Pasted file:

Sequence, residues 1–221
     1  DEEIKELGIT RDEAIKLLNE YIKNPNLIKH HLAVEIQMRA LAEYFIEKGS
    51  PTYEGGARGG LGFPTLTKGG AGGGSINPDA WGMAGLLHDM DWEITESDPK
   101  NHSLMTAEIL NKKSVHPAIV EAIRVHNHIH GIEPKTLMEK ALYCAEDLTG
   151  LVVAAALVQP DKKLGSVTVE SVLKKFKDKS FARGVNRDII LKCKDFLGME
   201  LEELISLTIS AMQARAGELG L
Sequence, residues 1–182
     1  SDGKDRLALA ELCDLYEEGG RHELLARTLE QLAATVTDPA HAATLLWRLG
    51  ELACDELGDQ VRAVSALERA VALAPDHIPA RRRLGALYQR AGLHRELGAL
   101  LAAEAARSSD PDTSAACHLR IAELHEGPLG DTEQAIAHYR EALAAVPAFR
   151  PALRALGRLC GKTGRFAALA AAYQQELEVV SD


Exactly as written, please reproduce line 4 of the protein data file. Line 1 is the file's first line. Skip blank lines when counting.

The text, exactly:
   101  NHSLMTAEIL NKKSVHPAIV EAIRVHNHIH GIEPKTLMEK ALYCAEDLTG